Judge cites Libby's guilt; Wilson ponders Cheney's role

The White House says only that Bush feels sad for Libby's family.

By Tim Grieve

Published June 5, 2007 6:23PM (EDT)

U.S. District Judge Reggie B. Walton as he sentenced Scooter Libby to 30 months in prison for obstructing justice, committing perjury and making false statements: "Evidence in this case overwhelmingly indicated Mr. Libby's culpability ... I have the highest respect for people who take positions in our government and appreciate tremendously efforts they bring to bear to protect this country. I also think it is important we expect and demand a lot from people who put themselves in those positions. Mr. Libby failed to meet the bar."

Former ambassador Joseph Wilson on the sentence Libby received for obstructing the investigation into the outing of his wife, Valerie Plame: "Mr. Libby benefited from the best this country had to offer: the finest schools, a lucrative career as a lawyer and many years of service in Republican administrations. That he would knowingly lie, perjure himself and obstruct a legitimate criminal investigation is incomprehensible."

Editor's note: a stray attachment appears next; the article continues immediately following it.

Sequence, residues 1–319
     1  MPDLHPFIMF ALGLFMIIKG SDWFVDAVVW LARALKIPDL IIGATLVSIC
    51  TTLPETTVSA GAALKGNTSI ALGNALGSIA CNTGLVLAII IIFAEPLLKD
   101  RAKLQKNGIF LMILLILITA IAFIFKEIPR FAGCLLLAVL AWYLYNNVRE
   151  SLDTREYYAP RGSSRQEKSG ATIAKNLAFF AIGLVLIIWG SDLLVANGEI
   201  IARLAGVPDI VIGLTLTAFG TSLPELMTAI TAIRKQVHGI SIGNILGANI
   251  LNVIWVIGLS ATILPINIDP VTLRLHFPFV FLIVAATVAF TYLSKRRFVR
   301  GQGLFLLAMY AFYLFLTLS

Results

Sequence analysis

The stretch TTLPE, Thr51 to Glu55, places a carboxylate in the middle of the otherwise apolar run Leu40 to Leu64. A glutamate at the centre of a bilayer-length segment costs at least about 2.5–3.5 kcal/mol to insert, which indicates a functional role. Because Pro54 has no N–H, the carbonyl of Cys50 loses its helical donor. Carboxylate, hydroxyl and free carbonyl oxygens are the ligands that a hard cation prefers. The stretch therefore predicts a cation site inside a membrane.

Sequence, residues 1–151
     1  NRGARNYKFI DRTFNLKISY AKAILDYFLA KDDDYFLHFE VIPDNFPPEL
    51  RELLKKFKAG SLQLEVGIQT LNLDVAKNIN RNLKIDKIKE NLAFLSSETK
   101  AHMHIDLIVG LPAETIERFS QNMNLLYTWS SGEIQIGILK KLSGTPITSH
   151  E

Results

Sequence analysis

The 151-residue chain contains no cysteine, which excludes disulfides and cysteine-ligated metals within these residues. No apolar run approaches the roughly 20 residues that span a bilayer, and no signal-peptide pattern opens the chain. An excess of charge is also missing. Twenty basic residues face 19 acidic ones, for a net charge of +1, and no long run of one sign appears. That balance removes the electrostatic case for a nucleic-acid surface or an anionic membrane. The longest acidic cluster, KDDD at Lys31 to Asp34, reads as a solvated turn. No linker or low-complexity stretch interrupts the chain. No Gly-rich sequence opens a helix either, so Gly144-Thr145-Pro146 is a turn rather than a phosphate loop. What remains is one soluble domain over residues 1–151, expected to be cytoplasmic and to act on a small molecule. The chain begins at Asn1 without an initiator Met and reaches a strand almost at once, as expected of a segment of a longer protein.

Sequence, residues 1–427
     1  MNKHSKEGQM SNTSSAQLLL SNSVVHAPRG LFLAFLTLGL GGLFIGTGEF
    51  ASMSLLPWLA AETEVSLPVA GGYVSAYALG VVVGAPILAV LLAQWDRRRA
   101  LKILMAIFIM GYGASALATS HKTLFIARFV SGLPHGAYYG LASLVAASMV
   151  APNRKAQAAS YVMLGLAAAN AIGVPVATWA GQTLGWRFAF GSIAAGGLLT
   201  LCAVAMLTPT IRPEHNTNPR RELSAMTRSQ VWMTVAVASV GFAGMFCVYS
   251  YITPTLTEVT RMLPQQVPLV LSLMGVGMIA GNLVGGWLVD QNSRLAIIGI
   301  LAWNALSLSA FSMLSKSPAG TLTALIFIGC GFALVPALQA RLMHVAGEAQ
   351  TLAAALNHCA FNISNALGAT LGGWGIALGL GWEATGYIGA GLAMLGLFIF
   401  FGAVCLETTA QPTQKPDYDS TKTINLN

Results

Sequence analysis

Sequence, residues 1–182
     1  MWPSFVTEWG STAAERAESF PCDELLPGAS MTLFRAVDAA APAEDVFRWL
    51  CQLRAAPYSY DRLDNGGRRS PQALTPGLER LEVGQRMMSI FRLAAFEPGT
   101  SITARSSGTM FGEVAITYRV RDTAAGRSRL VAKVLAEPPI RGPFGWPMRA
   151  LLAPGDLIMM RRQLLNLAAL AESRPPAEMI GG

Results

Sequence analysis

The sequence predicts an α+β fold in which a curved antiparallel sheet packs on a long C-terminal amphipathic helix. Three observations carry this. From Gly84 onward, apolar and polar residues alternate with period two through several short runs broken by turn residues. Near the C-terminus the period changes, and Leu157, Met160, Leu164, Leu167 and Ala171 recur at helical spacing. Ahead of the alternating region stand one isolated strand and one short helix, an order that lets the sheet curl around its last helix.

The reaction from the White House: Dana Perino told reporters that the president felt sad for Libby's family but would have no further comment about the case, the sentence or the possibility of a pardon at this time. Attorney General Alberto Gonzales was asked about the Libby sentence at a press conference a few minutes ago. He declined to comment as well.

Tim Grieve

Tim Grieve is a senior writer and the author of Salon's War Room blog.

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